Magazu, as well as Elway, have worked with Gibbs in the past. Given what I’ve seen in terms of the improvement of the line’s play just from 2011 to 2012, adding Gibbs’s level of options to the quality Magazu has already sculpted is exactly what a team that’s trying to win a Super Bowl wants to do - it adds a new weapon. No one has ever been happy to play against a Gibbs-coached line - they’re both technically proficient and highly effective. John Fox has used a variation on the zone blocking schemes in both Carolina and Denver, so it’s not entirely new to him, either. And, nothing forces Denver to always use Gibbs’s scheme, either. They won’t - they’ll keep what they have in place and add Gibbs’s twists only when it suits them.

Frankly, I can't wait to see what Gibbs does for Denver. He's one of the most fertile minds in the league, after all. I’m sure that he will both demand excellence in his approach and that he’ll have some new twists - one of his strengths has always been as an innovator (you can find the rest of this series on Gibbs on YouTube, if you’re a true trenchhead). I’ve also raved about Magazu for two years now. You have to know that both Ball and Hillman are dancing in their respective houses today - their careers just got a boost. The offensive linemen aren’t gloomy either - Gibbs is a legend.

Gibbs himself has a reputation for being a bit prickly at times, and coaching is a profession in which you learn early that you’re going to get fired from time to time anyway, no matter how good you are. Elway has worked with and won with Gibbs before - he knows exactly what he’s getting. Matching Gibbs with Magazu allows Denver to both maintain coaching consistency and to add a new level and option of technique.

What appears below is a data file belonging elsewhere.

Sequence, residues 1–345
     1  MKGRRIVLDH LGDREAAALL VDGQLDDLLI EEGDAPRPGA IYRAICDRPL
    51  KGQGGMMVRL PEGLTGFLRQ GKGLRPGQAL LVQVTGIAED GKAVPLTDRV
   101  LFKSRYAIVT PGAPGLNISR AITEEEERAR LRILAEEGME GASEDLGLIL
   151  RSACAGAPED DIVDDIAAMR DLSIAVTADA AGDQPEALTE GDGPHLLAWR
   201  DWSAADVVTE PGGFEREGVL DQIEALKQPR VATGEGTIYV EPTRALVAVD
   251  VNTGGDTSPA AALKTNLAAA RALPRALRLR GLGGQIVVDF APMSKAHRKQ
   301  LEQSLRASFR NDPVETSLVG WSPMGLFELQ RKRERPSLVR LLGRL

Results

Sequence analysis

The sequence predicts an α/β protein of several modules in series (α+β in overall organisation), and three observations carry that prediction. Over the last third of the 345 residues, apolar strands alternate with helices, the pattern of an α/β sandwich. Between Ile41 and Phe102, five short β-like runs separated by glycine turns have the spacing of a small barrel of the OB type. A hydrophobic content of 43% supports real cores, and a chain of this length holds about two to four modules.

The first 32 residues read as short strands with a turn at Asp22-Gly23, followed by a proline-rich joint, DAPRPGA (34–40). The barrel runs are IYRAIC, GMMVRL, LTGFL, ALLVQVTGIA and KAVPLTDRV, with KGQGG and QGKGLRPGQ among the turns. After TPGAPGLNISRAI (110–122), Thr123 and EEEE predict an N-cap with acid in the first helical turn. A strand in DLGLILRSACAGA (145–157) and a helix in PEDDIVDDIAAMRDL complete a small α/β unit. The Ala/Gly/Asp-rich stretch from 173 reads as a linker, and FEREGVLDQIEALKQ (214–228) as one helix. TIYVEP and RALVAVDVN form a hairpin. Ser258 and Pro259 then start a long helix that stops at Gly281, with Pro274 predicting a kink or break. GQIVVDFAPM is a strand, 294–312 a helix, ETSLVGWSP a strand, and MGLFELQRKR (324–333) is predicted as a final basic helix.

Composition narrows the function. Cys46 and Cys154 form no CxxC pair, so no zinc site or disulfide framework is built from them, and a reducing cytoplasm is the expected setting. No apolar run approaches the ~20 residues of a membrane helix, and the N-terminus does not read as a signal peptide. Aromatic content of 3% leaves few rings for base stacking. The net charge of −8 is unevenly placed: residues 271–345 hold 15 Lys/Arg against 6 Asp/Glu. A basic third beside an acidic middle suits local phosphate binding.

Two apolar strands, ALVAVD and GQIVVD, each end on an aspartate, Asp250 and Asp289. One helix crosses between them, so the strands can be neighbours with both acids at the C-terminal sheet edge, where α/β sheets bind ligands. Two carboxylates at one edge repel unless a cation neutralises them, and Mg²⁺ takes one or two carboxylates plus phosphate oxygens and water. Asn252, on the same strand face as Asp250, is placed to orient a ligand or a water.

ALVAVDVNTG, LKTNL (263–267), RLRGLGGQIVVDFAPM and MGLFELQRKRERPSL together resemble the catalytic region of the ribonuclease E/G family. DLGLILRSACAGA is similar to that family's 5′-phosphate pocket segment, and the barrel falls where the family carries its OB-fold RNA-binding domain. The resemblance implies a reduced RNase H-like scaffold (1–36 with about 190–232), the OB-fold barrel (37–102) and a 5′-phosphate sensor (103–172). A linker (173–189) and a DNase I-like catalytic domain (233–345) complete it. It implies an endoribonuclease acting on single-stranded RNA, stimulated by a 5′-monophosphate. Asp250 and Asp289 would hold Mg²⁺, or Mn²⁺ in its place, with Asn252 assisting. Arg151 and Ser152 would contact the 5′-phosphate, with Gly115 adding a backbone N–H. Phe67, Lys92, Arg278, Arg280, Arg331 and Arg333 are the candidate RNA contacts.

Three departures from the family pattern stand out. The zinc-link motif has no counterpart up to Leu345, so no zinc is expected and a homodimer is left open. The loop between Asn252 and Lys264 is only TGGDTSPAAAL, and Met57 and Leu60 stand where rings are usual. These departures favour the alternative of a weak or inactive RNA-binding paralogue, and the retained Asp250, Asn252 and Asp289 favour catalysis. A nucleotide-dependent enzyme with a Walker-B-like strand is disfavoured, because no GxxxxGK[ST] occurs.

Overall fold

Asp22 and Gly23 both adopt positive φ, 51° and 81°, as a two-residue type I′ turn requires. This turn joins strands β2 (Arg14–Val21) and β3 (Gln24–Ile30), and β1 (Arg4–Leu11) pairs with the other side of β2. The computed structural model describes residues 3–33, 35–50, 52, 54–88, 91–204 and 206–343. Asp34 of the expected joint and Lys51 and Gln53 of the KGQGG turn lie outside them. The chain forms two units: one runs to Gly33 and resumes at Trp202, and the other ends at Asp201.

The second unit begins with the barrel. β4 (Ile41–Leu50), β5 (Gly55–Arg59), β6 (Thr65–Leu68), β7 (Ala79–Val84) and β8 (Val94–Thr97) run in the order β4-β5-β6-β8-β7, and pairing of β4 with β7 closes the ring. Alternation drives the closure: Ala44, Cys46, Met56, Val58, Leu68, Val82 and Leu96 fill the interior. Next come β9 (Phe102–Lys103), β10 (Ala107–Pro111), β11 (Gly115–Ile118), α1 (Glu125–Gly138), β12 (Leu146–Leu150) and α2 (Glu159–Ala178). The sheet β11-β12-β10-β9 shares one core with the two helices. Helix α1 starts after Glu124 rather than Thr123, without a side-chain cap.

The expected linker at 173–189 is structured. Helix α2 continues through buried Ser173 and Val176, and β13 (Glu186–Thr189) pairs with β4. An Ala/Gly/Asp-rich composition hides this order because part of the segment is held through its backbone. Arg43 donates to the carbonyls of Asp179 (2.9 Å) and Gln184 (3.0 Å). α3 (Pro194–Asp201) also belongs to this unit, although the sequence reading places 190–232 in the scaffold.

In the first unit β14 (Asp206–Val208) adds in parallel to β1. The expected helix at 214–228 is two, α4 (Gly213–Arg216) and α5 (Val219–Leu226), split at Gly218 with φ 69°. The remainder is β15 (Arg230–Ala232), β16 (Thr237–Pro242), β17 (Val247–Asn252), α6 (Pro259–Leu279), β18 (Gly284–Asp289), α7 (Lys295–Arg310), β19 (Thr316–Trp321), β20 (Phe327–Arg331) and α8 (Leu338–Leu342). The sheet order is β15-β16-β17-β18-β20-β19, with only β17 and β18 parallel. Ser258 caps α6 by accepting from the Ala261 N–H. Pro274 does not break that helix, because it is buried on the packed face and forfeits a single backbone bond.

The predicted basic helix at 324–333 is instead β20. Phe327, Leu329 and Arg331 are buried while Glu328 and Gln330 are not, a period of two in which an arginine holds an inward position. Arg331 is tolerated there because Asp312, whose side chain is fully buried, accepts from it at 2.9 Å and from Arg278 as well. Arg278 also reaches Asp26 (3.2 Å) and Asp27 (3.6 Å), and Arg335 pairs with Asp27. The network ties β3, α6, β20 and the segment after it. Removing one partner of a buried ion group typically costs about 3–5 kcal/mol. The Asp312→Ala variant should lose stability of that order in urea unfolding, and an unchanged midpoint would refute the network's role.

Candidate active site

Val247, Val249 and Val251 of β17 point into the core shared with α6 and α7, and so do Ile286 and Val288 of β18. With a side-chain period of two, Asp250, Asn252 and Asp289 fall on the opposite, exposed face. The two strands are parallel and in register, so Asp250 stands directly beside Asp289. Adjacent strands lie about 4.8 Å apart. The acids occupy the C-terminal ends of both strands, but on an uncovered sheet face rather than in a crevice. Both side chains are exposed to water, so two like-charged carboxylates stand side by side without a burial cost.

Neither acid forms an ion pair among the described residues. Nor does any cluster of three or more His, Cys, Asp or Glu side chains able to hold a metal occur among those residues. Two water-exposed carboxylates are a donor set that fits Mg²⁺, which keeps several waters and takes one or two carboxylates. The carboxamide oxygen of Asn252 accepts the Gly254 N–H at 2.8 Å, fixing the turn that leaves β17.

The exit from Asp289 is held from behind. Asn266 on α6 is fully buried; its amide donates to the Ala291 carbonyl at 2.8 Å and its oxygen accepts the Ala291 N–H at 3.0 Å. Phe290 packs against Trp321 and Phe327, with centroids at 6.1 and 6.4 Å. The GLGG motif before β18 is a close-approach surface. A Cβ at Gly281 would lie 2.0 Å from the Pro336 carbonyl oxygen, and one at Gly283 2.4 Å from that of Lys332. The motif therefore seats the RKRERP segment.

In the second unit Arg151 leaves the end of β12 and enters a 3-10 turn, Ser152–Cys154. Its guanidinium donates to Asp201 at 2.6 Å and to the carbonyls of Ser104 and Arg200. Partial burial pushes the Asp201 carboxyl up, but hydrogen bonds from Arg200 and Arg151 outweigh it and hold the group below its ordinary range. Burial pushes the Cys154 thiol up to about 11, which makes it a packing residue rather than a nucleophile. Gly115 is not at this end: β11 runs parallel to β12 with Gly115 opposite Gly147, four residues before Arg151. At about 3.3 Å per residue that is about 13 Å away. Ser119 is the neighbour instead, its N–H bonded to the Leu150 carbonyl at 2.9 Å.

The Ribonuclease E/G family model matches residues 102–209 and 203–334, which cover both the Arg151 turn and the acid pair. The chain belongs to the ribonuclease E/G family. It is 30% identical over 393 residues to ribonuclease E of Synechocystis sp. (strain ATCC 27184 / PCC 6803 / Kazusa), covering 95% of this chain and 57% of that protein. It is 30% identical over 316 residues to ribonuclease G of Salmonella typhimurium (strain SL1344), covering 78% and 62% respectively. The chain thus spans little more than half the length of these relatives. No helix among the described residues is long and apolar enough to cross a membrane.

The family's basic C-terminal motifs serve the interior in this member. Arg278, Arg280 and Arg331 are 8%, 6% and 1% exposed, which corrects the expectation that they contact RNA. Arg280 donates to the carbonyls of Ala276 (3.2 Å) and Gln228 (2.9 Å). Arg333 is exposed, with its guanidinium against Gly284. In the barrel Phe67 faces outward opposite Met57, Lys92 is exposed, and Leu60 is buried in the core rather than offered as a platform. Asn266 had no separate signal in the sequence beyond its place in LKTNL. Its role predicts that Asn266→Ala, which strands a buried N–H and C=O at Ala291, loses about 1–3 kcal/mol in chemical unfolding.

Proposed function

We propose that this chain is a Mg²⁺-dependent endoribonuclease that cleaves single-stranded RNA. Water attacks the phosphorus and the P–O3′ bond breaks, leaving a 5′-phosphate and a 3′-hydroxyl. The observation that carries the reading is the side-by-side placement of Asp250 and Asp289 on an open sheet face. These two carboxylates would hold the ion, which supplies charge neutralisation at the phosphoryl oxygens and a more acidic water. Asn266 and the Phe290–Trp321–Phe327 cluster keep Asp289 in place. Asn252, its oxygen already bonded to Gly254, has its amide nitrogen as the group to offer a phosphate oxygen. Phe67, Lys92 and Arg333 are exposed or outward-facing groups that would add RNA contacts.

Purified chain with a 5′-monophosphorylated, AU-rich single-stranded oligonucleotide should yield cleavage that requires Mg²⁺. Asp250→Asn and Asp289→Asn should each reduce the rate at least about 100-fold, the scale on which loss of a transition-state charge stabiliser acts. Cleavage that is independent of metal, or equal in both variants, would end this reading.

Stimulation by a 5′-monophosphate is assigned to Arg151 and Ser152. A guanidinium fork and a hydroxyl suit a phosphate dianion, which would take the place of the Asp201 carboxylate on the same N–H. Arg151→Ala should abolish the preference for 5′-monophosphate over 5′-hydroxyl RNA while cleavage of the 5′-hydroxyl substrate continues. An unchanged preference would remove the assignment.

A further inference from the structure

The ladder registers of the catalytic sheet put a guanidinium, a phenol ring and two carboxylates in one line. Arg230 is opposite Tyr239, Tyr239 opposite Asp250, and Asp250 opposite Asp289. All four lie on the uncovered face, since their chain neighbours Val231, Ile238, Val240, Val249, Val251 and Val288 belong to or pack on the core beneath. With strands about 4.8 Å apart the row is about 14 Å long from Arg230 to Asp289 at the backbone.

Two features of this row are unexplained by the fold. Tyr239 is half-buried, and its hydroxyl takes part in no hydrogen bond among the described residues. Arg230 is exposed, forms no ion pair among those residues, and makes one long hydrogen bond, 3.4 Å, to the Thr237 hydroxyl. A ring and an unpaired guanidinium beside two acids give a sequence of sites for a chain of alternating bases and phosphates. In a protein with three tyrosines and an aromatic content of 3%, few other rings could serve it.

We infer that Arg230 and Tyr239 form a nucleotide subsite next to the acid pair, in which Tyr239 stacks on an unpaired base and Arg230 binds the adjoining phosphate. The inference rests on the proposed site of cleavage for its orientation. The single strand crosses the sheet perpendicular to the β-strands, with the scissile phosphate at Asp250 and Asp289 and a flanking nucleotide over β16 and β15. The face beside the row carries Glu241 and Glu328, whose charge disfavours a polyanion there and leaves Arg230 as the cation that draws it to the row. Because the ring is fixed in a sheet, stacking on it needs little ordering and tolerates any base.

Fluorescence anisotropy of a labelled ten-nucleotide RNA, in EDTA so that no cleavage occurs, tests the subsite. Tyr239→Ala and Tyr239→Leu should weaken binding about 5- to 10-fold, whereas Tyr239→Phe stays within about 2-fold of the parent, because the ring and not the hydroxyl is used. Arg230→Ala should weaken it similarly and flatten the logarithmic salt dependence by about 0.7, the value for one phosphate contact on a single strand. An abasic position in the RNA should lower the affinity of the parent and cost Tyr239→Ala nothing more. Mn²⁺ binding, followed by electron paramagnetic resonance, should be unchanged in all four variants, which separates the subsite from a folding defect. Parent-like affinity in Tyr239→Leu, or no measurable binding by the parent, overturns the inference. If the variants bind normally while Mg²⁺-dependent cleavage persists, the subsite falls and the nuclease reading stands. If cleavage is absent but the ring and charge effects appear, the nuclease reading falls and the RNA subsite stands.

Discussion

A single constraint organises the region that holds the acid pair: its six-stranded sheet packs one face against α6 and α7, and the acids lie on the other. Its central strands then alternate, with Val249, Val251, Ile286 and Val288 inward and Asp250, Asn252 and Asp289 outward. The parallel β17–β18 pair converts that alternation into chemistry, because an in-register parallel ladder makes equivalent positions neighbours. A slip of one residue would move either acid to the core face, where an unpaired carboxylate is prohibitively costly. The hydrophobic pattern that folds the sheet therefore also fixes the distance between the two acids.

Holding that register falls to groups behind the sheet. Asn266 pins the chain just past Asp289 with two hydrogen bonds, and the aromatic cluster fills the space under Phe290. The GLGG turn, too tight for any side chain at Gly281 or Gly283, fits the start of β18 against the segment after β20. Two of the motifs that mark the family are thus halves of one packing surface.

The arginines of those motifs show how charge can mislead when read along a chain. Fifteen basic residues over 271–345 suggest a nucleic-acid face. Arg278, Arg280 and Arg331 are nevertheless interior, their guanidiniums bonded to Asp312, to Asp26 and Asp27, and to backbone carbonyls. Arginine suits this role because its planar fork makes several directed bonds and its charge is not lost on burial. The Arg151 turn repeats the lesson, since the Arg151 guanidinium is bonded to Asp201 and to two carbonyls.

To clearly understand how little it’s been well-defended at any time, Gibbs’s full system turned obscure running backs into 1,000-yard rushers in Denver with the inevitability of the seasons from 1995 to 2003. His theories are still applied to great success in Houston, where they helped undrafted phenom Arian Foster become the top back in football in 2010, then had him over 1,400 yards last year. So, no, it isn’t true that coaches have learned to defend it, if you've been told that.

The player upgrades and addition of Gibbs will serve to provide Manning with the kind of running game that will ease his job and increase the potency of his play action passing, which has always been a strength for him. Quarterbacks coach Gregg Knapp has also worked with a zone blocking scheme, and with Gibbs, in Atlanta. Seen from that perspective, it’s an even stronger play for the team to make. 

I see this as a match made in heaven. It’s appropriate that it was announced on Mother’s Day. A lot of defensive players are going to walk off the field and exclaim, “I HATE those mother@#$ers!”. They really won’t know what option to prepare for.

Welcome back to Denver, Coach Gibbs. I hope you have a long and fruitful stay.

Learn to laugh at yourself. You will be ceaselessly amused. - Sri Gary Olsen